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Icy weekend makes the chores “interesting”
From the Valley
Thatcher and Rime Ice_EM 012121
MANY FOLKS love photograph Cardinals against a snowy backdrop, because their bright red plumage is so striking in a white wintry world. Young Thatcher had a little bit in common with the showy birds against the backdrop of the sparkling rime ice.

RISING SUN - This past Saturday and Sunday were fine displays of Mother Nature’s powers in January. I’ve always noted, in particular around the time of my birthday (only six more shopping days left until the big 32 on the 27th!) that the weather takes a turn for the hazardous. Two years ago when I planned a big dinner for my 30th birthday, there was one hell of a blizzard. And, that certainly wasn’t the first time that has happened. This weekend was perhaps everybody’s least favorite–ice. 

When I was living in the city, heavy dangerous ice affected my life in different ways than it does now. A couple of times, I can remember coughing up cash I didn’t have to take a Union Cab to work across town, when the bus system shut down due to harsh conditions. And there is always the classic event of walking like a penguin down the sidewalks of folks who neglected to toss out any sand or salt. 

Not to be forgotten would be the days in my very first apartment, where the little red car I had was so badly iced in. I, so innocent and ignorant at 18, poured copious amounts of table salt under my tires, praying for it to be freed from its jam. 

This would be the same winter, I had to call an ambulance for an elderly neighbor who went out to fetch a package in only his boots, winter coat and tighty whities and slipped and injured himself. Luckily he was alright in the end, but my car sat there until spring. 

However, living in the country offers a whole different set of obstacles when the world becomes encased in a crystalized crust. I knew Saturday night that things were getting dicey as reports began flooding in on social media about cars being stranded on the big hills by Coon Valley and La Crosse. I reported this to Chasca, who was planning to make a trip in the early morning hours to go ice fishing. He grimaced at my news and muttered to himself and picked up his cellphone and began furiously texting with his fishing buddy.

The pair had already given up on their shanty, unable to appropriately socially distance in it, and the potentially hazardous roads just added insult to injury. But, of course when I woke up the next morning, and Waylon ventured out of the bed and throughout the house shouting “DAH DAH?” I instantly realized, there is nothing to stop a man from an ice fishing date.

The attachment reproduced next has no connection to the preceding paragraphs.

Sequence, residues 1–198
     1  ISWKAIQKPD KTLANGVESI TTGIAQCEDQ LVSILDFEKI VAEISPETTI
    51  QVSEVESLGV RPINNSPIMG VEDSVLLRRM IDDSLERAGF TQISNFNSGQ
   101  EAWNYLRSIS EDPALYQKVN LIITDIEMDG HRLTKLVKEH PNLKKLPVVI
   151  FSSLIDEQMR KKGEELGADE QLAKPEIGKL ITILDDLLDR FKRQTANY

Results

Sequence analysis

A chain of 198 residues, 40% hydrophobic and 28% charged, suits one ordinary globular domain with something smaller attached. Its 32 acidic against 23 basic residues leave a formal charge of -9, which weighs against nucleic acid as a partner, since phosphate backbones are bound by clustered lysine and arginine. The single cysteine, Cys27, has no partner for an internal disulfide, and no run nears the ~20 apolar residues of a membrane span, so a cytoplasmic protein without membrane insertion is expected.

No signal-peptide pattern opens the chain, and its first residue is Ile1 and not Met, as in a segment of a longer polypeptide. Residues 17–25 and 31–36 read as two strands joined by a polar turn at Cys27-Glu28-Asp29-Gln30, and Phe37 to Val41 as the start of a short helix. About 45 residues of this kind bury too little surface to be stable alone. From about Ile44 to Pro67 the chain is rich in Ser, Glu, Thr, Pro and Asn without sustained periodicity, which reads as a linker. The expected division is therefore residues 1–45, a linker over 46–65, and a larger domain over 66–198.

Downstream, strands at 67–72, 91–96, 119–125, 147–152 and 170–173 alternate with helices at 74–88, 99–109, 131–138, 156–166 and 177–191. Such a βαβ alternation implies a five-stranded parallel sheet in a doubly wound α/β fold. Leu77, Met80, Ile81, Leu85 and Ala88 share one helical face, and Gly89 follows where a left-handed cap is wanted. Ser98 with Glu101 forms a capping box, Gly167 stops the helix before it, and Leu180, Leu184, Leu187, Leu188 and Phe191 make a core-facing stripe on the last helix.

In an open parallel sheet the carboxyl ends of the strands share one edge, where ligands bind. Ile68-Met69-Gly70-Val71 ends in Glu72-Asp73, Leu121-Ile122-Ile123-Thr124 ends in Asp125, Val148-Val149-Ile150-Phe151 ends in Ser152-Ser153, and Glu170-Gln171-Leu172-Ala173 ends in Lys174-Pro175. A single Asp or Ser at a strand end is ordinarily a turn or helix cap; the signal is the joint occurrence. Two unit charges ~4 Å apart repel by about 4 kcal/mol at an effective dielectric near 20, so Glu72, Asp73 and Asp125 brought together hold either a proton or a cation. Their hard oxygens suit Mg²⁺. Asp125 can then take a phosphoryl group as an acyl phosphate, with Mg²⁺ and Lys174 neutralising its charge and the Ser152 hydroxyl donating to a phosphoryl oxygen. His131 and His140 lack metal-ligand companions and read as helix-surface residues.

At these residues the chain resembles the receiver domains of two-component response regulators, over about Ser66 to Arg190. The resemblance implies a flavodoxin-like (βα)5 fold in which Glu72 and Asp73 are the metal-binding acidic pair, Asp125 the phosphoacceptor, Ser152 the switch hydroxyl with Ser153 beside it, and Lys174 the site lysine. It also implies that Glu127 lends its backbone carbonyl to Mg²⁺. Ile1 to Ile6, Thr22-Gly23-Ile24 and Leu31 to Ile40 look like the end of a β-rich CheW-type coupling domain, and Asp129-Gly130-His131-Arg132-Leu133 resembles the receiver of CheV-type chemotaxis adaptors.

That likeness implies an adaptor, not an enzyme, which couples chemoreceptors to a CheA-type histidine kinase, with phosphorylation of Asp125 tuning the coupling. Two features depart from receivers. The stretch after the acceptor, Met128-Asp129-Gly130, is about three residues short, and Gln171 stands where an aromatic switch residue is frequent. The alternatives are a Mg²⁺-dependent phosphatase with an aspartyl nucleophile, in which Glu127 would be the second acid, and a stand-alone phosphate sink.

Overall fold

This left me with the job of chores solo. After a strong cup of coffee to motivate me, I set the kids up with a snack in their respective chairs and a movie and pulled on my boots. Our dogs, Sloppy and Queenie, were overly excited to be outside with me as I waddled along in the snow to the chicken coop. The dogs were jumping and running and sliding around.

Things were going fine and I even managed to salt a little trail. I thought this would be the prime time to haul a bag of pig feed over to their pen, for surely the ice should be melted by the salt by now. 

I grabbed the bag from the garage and hoisted it up on my shoulders. Thinking to myself, “WOW! All of this farm work is making me strong! This 40 pounds doesn’t even feel that heavy.” Walking out of the garage, I could see the dogs slipping and sliding along on our blacktop driveway. Excited by the sight of me and a bag they thought might contain something delicious for them, they rushed to me jumping, licking, and generally scrambling around like the wild beasts they are. 

This was when I slowly began to lose my balance and felt like if I kept going, a fall would be most certain. I squatted down a bit and let the feed bag fall off my shoulder with a thud. The dogs continued to menace me as I too made my slippery slow descent onto the bag. 

In my mind, it would work well for me to get onto the bag, the dogs would leave me alone and I would crawl feebly over to the snowbank and regain my footing to carry on with my job. However, it didn’t work this way at all. 

Rather, my dogs were even more overjoyed that I was now on the ground and proceeded to dance all around me, somewhat helping to propel my bag forward in my attempts to shove them out of my face. 

The bag began to accelerate down the drive and I decided at this point, well, might as well enjoy the ride! Luckily I didn’t get too far before I crashed into the unplowed part of the driveway and was able to execute some type of rolling dismount off my bag and finally carry on. 

By this time of course, all of the pigs and cows were lined up watching the show, along with one lone banty rooster, who began crowing as though he was an announcer at a ball game. 

Perhaps all of this excitement is just payback from nature for all of the times I stood laughing at our old house as the chickens would fly out of the coop with gusto only to hit the ice and go sliding down the hill with reckless abandon and no way to get their footing right, over and over again. Whatever it was, I’m just happy that I’ve figured out how to just go with the flow when it comes to ice, rather than slipping, falling, and cracking my head open. And who knows, maybe one day feed bag races will be a thing.